Personal trainer Keena Lampkins added virtual options to her business plan at Four Friends Fitness long before the pandemic hit, but expanding those plans was also part of future plans. Then suddenly everything changed.
When the business was closed for a few months during the start of the pandemic, she had time to brainstorm on how she could move forward in what was then a startup three-year-old business at 8106 Old Kings Rd. Even though the concept of her personal training business is to operate in small groups of a maximum of four women at a time, even that didn’t help when everybody was at home.
It was an especially confusing time considering the entire job of a personal trainer is based on human interaction. That worked well for people trying to get in shape before COVID-19. But at a time when interacting could mean contracting the virus, personal trainers had to become more creative and entrepreneurial than ever before.
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“Adding virtual offerings was in my personal and business plans, but I thought I’d add that option three years later,” Lampkins said.
“It was the first time I had tried it, so there was a lot of trial and error. I tried various types of software that’s tailored to the fitness industry before I finally found something that I liked.”
I reached out to Lampkins because I knew that personal trainers were especially hit hard in the early stages of the pandemic. At a time when COVID-19 was wreaking havoc nationwide, and people were even less likely to go to their local gyms, a lot of personal trainers found themselves out of work.
Gyms are high-touch businesses and that played a huge role in many not being able to make it during the early days of COVID-19. About 22 percent of U.S. health clubs and studios have closed permanently since the pandemic began, according to the National Health Fitness Alliance. The organization reports that the U.S. fitness sector has lost $29.2 billion in sales in the last couple of years.
Needless to say, those facts were heavy on her mind, but Lampkins was highly motivated to succeed. Former and current clients played a huge role because they made it clear that they still needed help and they wanted to support her.
“I’ve never been a stranger to hard work, but at one point I was working more hours than ever in order to accommodate women who were suddenly balancing children and work from home,” she said. “Whereas my day would have been 6 a.m. to 6 p.m., suddenly I was starting at 5 a.m. and ending my last appointment at 8 p.m."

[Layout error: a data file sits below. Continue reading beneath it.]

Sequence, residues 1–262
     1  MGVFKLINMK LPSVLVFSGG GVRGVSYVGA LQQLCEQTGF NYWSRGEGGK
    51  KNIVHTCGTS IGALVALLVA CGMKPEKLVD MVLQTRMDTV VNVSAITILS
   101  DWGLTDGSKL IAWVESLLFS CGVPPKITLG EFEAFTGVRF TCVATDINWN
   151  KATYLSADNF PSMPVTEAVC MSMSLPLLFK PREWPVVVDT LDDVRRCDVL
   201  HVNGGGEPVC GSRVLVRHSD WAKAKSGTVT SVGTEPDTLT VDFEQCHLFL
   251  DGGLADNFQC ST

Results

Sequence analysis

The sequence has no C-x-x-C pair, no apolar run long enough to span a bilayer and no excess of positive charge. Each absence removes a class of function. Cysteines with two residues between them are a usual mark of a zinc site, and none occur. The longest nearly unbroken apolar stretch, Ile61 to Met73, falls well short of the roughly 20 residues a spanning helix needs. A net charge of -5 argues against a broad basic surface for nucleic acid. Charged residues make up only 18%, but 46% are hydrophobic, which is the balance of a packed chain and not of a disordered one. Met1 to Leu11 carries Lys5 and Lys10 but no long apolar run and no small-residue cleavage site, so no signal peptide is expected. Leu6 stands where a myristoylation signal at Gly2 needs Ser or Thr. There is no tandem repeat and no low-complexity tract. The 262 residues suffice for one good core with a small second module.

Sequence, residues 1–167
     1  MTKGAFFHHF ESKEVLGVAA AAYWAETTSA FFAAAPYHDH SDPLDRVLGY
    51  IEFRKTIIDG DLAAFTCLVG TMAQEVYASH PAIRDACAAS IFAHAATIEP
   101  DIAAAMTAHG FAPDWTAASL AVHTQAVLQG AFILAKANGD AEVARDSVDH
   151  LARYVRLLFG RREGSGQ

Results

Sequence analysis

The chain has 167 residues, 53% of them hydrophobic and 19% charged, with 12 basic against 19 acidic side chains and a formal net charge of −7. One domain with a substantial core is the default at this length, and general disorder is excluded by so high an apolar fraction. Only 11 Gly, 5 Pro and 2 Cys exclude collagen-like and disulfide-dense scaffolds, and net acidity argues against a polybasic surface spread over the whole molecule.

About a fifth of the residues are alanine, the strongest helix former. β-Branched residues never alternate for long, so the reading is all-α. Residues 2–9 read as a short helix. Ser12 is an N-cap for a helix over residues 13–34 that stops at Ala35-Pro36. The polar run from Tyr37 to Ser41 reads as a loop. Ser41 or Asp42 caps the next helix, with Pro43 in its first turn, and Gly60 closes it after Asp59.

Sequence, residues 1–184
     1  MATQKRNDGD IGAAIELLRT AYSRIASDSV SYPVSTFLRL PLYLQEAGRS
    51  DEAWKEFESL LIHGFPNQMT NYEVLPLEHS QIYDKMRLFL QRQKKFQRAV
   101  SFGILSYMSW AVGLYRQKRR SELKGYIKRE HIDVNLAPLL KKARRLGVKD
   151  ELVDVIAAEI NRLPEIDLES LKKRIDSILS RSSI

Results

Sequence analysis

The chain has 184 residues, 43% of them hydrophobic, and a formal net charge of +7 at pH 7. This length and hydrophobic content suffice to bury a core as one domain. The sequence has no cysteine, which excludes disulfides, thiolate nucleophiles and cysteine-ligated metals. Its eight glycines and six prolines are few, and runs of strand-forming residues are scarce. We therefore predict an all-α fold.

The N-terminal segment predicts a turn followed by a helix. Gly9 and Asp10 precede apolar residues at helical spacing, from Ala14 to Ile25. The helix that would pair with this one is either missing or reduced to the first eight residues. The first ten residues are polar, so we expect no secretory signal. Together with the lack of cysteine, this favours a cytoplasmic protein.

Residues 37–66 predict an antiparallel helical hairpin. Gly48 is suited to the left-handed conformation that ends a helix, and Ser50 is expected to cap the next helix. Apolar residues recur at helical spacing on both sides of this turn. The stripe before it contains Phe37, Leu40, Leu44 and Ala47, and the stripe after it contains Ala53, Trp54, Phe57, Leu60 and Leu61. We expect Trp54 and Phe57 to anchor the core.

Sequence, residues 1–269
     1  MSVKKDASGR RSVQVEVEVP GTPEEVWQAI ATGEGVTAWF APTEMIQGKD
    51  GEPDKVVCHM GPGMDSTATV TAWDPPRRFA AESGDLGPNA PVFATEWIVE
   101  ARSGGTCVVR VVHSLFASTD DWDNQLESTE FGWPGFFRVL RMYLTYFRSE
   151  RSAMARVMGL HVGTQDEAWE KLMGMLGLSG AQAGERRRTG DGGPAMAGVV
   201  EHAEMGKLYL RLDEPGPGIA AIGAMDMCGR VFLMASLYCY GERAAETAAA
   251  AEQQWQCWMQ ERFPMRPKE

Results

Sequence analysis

Lampkins said she’s used to reinventing herself. The Jacksonville native said she spent more than 20 years in the health and wellness industry, supporting women from all walks of life before she started her business.
Experiences in physical therapy motivated her to earn a degree in sports medicine from Jacksonville University, and she got a job at a local practice before she graduated. She discovered an appreciation for physical therapy when she was injured playing basketball in college. A tear in her ACL kept her off of the basketball court for eight months. When she was finally able to return she just didn’t feel like she could physically get back to where she needed to be able to play the sport.
“I was done with playing basketball my sophomore year, but being an athlete teaches you discipline and that’s helped me my entire life,” she said. “I’ve always led an active lifestyle and I enjoy helping women with their fitness goals."
Lampkins worked in physical therapy for 14 years before she took a leap of faith and started her personal fitness training business in 2017. She had started working part-time with just a few clients and kept adding clients through word of mouth.
The idea to start a business was actually planted when a friend asked her to work with a lady who was house-ridden. She realized how much she enjoys teaching exercises for functional strength, improved mobility and weight loss.
“I was amazed at how much of a difference we could achieve with basic exercises,” she said. “I didn’t know then that this was the sign I had been waiting for all my life…That’s how Four Friends Fitness was born.”
So when times got especially tough, Lampkins said she not only thought about new ways to market the business through social media and paid advertisements, but she also thought about how far she had come, which motivated her to succeed.
"When I first moved in here there were just mirrors on the wall and I didn't have much equipment. The floors were even tile, which is not recommended for a gym. I only had two second-hand treadmills, some hand-me-down weights, and a bike. I just knew I had to get started."
Cheryl Lynch, a business advisor at Cultivate Advisors in St. Augustine, has worked with Lampkins since the first year she started the company. The relationship began with her doing a financial analysis of her business and helping her with accounting needs.
“She’s tenacious and has survived hurdles prior to COVID-19,” she said. “So if anybody was going to survive COVID, it was going to be her.”
Lynch said one of the biggest reasons for her success is that she’s receptive to taking advice.
“She’s always trying to fine-tune and improve her business,” she said. “She really understands the importance of working on the business and not just in the business. She dedicates the time to focus on running the business and she’s open to pivoting when necessary. She’ll do whatever it takes to succeed.”
Lampkins is modest when it comes to her strengths. She says the biggest lesson she's learned from the pandemic is to not be afraid to seek help.
"Having the right staff and seeking help is everything," she said. "Hiring the right people can make you or break you, because you can’t do it alone."
Marcia Pledger is the Opinion and Engagement Editor for the Florida Times-Union. She can be reached at firstname.lastname@example.org.